Ramble Beyond came out this spring, and it’s definitely worth listening to, it starts softly with a provocative glow that explodes into “Asleep in the Orchard”...
the opening track of this album, there is something very stimulating about their playful pace, how it swings effortlessly from a ferocious place into a soft one and that’s an addictive quality that gently elevates you throughout the album; there is something romantic about the way they play, a tenderness to their narrative, a sinuosity, also, that might easily be related to a mountainscape, their music is very visual, it’s almost natural to visualize glistening streams that dance about on their way down and sharp edges blurred by the passing clouds on their way up, such is the case of “A Graceless Shuffle” one of the most thrilling moments of the album, it feels as if you were defying a great inner mountain: the mud, the heat, the intensity of conquest. “The Lonesome Sound” shares its psychedelic palette of colours with the sunset, a colorful haze that expands beautifully into a storm, it’s not every day that you stumble into vocals like theirs or into a band that puts out material as honest as this, they are the music, therefore they meld into the landscapes they’ve built. “Kindled Green” has a dazzling way of returning to it’s start, of revisiting places we’ve discovered through the album, it’s a journey beyond the road that begins to fade with “In the Black Fir”, another thrilling highlight; with seductive glimpses of progressive, americana and stoner-rock, it expands as it merges these genres into their own whirling cloudscape, as the last beams of the sun escape into the sky.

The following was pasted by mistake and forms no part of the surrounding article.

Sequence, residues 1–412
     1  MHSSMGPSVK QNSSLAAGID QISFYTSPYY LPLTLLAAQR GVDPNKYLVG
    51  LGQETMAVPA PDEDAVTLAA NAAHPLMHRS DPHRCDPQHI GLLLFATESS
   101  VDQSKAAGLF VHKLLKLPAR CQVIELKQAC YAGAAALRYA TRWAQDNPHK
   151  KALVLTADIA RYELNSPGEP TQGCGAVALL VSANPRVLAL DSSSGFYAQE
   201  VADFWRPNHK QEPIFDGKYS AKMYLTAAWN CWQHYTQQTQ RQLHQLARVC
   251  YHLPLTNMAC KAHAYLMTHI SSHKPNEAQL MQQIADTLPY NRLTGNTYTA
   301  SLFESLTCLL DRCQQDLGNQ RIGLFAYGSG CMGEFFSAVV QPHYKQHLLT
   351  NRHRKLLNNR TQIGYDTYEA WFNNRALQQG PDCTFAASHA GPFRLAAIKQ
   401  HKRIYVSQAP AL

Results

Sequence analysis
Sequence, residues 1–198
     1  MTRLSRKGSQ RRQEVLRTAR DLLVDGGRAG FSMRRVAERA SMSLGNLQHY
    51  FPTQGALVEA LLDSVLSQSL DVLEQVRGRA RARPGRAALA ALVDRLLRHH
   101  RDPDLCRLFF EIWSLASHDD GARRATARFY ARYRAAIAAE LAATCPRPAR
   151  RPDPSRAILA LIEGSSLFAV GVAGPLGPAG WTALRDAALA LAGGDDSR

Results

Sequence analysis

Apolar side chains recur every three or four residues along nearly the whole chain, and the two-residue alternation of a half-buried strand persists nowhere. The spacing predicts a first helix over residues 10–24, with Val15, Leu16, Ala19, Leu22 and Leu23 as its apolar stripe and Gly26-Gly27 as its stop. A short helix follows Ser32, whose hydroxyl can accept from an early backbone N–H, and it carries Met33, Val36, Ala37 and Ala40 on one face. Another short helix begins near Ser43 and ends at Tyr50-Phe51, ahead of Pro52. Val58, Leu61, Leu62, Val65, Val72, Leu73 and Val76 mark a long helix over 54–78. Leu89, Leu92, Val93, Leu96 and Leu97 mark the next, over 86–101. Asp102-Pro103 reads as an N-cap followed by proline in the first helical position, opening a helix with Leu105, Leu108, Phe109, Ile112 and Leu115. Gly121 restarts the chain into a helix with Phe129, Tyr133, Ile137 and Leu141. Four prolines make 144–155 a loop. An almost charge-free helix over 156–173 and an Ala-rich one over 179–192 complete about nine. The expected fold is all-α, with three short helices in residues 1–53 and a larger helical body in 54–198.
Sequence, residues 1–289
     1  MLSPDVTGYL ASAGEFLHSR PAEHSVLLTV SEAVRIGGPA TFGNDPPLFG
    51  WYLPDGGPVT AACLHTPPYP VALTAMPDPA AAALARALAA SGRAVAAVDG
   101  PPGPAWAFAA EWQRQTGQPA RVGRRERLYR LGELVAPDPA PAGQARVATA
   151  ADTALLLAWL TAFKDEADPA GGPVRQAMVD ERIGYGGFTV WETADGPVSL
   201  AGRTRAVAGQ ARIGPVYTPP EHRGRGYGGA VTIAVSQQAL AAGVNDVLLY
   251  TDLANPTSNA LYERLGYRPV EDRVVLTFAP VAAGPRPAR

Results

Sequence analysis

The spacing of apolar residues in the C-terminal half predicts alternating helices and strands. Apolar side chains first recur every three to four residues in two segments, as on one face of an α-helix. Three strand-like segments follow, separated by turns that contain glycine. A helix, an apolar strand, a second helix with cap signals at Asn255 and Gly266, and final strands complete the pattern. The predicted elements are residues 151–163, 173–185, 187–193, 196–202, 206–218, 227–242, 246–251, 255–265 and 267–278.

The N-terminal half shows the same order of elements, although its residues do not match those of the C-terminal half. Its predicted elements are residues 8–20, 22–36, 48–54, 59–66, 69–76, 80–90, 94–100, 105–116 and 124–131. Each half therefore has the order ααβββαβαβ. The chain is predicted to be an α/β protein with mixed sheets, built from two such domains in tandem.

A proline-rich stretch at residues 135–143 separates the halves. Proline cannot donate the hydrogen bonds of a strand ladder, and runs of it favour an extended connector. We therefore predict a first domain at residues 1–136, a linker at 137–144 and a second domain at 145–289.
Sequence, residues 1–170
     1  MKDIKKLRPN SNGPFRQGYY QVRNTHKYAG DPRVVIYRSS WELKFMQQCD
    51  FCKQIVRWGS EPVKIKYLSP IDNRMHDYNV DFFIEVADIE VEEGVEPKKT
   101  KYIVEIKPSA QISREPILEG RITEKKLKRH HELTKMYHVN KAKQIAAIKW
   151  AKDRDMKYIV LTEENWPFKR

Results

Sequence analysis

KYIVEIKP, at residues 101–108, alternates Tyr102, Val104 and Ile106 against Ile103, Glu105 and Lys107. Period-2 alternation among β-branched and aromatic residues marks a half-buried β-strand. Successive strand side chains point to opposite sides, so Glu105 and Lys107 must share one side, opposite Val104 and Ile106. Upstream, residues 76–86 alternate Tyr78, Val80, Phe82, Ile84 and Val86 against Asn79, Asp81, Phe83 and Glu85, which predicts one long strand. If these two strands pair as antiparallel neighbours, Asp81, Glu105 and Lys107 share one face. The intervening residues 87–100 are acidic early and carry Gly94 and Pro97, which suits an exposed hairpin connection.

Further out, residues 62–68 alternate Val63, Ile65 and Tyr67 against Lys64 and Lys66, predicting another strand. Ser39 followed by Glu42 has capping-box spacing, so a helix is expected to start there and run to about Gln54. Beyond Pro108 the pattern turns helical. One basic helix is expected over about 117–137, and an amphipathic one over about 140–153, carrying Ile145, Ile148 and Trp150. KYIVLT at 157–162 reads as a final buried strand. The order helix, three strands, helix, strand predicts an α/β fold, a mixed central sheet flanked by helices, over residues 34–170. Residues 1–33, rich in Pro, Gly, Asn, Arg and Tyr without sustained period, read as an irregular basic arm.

-How did Bask first started out?
Scott: The early stages of BASK first came to be thanks to Matt Evans (of Old Flings and Just Die) introducing Ray Worth (guitar and vocals) and me, since he knew we were both looking to play heavier music. This was December of 2011. We started jamming, writing structures of songs,and tried out quite a few bassists and guitarists. Jesse Van Note joined the band on bass in the late summer of 2013, with Zeb Wright soon following with guitar and lead vocals. We played our first show in December of 2013 and have been pretty busy ever since.
-Please tell us where were you when you first released “American Hollow” and where are you know with “Ramble Beyond”?
Scott: American Hollow was released in July of 2014 and Ramble Beyond was released in March of 2017. Since we've released our debut LP we've experienced and grown a lot as a band, from the typical craziness that is part of being on the road, to being lucky enough to tour Europe twice.
-What have you discovered along the journey of this brand new album?
Scott: We've discovered much during the creation, recording, and release of Ramble Beyond. We've learned how to play much tighter as a band and what we all need as individuals to feel creatively and personally satiated.
-What’s the story behind “A Graceless Shuffle” and “Kindled Green”? Tell us a bit about the narrative you’ve built throughout the album.
Zeb: The first half of the record are all songs that tell stories from history. A Graceless Shuffle, is about the 1904 Olympic marathon. Thomas Hicks ran the race consuming only raw eggs and rat poison (which gives the nervous system a jolt) instead of any water. The term “a graceless shuffle' describes him crossing the finish line. Look it up. It’s a wild story. The second half of the record is more personal. Kindled Green is about materialism and destructive behavior, and the restorative value of nature.